Though I wish the social environment for such arguments were more open.

Also I worry about how the parents who come across atheistic arguments try to 'protect' their children from reason. Also where societies are much more orthodox, such utterances could easily lead to lawful or unlawful execution!

But of course, I value your attempt at making people think with greater rationality.

TC.

Carbon Based said...

Ya "Steve Martin" pegged my irony meter dang near broke it. LOL

Steve Martin said...

Glad you folks thought it was funny that God wanted to do away with religion (religion being that which humans do to try and ascend to the Divine).

But it is true. Jesus Christ came, was staked to wood, died, and was raised that mankind would be forgiven and by faith (not by anything that we say, do, feel, or think) be justified in the eyes of the Creator.

Laugh it up all you want.

I used to not think too much of Jesus, either, so I understand.

There may come a time (maybe on your deathbed, who knows?) when you will cry out to Him. And He will forgive you, and make you His own. No questions asked.

He will always be there for you.

ARISTIONO NUGROHO said...

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Your post very interesting.
If you willing visit my blog, and read my post at http://sosiologidakwah.blogspot.com
And... if you love books, read The Holy Qur'an please...

busterggi said...

Steve, Steve, Steve, substitute Cthulhu for Jesus in all your posts & you've got my experience almost perfectly.

ChrisAC said...

I feel that the spirit of this comic accurately conveys a 'debate' with Steve.

http://www.jesusandmo.net/2009/07/16/seal/

TheTheist said...
This comment has been removed by the author.
TheTheist said...

The sheer number of postulated Gods, while indeed indicative of confusion, is by no means synonymous with failure. Religion suffers under the same pressures of science and philosophy in so far as it must consistently evolve itself in the face of new realities.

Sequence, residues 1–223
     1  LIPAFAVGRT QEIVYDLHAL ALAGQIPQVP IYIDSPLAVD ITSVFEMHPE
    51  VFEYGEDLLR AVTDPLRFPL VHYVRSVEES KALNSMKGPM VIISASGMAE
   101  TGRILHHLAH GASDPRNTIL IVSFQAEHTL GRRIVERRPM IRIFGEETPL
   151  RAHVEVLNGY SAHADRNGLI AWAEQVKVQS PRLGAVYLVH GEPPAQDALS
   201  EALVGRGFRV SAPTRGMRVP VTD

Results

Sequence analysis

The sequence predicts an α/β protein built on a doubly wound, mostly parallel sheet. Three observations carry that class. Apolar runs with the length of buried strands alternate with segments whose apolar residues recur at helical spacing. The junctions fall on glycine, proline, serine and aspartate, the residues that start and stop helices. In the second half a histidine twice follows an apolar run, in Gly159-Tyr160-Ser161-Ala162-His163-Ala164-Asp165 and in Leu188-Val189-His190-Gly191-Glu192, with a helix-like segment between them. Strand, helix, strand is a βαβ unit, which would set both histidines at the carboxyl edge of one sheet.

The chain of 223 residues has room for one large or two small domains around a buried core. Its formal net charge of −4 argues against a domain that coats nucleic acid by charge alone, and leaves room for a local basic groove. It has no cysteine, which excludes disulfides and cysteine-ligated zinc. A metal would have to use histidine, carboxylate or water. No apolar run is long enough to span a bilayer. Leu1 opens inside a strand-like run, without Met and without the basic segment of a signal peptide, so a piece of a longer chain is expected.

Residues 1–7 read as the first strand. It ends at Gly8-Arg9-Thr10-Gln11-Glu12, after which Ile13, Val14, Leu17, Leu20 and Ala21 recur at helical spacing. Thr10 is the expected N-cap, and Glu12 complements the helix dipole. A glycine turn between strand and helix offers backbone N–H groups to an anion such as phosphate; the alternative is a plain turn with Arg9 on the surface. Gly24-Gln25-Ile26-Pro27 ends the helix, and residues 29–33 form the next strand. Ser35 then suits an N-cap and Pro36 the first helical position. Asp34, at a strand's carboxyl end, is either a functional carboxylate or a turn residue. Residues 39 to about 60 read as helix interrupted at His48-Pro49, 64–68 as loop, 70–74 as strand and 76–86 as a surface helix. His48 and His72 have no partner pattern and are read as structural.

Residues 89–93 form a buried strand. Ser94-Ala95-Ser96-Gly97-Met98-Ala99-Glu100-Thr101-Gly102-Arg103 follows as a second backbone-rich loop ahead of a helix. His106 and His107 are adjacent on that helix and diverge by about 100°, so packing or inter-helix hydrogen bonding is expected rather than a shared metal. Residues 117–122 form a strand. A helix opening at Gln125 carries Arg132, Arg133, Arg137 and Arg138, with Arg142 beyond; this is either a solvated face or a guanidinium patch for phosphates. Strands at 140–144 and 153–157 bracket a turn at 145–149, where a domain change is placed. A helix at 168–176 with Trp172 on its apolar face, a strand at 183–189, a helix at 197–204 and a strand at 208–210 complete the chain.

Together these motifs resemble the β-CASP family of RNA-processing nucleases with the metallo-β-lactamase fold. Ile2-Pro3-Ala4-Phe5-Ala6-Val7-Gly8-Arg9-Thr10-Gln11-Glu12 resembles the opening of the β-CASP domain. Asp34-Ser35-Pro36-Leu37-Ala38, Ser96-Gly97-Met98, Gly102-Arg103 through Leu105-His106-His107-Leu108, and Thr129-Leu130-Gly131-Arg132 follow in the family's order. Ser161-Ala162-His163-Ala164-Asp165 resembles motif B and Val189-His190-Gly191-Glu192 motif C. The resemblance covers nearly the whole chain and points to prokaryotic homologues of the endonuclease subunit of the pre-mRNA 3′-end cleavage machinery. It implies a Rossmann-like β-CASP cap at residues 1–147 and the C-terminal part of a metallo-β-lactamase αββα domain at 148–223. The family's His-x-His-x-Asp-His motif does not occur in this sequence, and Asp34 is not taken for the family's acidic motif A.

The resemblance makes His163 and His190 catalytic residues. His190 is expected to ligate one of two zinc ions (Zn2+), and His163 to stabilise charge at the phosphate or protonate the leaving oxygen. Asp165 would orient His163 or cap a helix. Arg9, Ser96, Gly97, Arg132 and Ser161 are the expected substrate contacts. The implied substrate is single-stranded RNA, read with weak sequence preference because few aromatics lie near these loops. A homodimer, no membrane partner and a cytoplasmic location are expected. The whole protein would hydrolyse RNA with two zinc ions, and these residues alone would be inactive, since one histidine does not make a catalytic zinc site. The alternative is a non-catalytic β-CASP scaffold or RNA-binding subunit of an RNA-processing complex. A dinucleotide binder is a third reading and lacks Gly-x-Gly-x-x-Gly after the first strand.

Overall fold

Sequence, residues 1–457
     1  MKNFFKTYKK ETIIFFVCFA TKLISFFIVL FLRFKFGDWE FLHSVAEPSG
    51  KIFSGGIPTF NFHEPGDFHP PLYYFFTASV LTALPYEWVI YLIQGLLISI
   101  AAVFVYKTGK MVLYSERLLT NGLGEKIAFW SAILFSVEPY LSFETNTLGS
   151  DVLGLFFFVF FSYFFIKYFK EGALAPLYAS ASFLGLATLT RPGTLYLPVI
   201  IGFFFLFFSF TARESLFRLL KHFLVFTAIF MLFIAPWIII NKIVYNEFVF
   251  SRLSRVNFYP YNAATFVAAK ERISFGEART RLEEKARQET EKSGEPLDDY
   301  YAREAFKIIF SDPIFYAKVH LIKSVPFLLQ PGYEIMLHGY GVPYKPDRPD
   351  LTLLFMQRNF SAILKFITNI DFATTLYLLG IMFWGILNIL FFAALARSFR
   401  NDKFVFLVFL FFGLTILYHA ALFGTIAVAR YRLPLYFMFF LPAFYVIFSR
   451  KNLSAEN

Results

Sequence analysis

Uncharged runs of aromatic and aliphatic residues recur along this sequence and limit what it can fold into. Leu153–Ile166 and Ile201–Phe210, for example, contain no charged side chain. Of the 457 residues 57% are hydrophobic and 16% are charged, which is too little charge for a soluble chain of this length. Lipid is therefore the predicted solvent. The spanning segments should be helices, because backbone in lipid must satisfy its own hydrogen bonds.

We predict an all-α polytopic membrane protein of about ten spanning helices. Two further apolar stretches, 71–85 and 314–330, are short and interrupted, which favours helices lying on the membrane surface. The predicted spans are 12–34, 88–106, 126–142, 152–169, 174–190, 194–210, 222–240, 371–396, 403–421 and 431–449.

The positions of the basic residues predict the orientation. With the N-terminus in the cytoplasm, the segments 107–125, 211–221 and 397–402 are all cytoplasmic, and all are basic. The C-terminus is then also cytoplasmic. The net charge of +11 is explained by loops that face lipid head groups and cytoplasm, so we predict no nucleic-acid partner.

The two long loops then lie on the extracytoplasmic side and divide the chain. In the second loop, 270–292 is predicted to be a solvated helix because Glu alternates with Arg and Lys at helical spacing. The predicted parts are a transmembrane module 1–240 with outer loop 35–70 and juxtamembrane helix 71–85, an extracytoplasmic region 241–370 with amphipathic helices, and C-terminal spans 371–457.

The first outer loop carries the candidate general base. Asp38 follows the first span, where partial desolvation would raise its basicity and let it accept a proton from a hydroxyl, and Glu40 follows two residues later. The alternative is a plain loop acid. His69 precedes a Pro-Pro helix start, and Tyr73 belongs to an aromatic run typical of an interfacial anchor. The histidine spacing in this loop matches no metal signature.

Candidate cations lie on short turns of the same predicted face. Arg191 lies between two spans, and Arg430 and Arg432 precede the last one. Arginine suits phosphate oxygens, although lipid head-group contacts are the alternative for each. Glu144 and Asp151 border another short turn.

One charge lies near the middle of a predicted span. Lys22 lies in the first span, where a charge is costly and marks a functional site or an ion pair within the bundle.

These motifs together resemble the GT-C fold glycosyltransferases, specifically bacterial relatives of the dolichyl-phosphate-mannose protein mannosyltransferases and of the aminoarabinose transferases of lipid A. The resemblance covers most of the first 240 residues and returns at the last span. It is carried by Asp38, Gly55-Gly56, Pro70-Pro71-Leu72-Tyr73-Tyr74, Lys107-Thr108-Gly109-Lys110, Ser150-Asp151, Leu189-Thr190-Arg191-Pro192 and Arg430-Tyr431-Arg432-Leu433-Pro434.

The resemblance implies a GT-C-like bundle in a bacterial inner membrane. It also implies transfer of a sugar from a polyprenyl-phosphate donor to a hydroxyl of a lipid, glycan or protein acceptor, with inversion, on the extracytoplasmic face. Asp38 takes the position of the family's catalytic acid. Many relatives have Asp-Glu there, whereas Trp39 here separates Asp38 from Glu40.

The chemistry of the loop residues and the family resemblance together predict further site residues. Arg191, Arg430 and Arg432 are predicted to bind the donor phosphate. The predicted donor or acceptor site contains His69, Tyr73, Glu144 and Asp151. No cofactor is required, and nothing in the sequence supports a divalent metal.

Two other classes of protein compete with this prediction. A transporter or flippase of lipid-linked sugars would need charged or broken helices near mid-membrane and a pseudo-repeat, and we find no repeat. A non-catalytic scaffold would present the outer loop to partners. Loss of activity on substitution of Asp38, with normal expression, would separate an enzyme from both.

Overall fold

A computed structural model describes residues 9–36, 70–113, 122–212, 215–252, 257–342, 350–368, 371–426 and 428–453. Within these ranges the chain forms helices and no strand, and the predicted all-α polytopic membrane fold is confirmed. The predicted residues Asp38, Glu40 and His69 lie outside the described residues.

All too often atheists attack religions of old as if this actually invalidates religion in and of itself. If I was to focus only on the science of past ages and then declare that the egregious number of failed theories made science extremely unreliable would I not be making a tremendous mistake? Phlogiston, aether, and other well intentioned but nonetheless erroneous concepts do not invalidate the approaches of science; they simply testify to the long struggle for mastery in the discipline.

Religion in this respect is no different. Many an attempt has been made to recognize, name, and define who God is and it is likewise true that the resultant religions have declared their presentation to be replete and infallible. This however is nothing other than user error. Automobiles are not guilty of crimes committed by drunk drivers; they are merely tools used in an inappropriate way. True religion will always stand apart from the misguided exhortations of its adherents.

Religion is an ever dynamic discipline that continues to change as our relation to the universe around us changes. Indeed some principles will remain but many will be abandoned. I’m sure with enough time we could compose a rather lengthy list of dead scientific theories and expired philosophical ideas but I imagine that these would be trumpeted as benchmarks of achievement: you see how far we’ve come! Your list of 500 dead gods is no more than just such an example; religion has, and always will, grow.

Ketan said...

The Theist,

You've drawn a good parallel between the evolution of science and religion in face of emerging information about the world around us.

But the problem is when you talk of 'growth' of religion, you're talking of numbers. And when talking of numbers, I'm not sure how many theists actually want their religion to be twisted beyond recognition. Rather, a lot of effort is expended in 'preserving' culture and 'saving' religions. So not everyone seems that ready to allow their religion to evolve. Moreover, religion did not evolve on its own; science made it to, and not the other way round.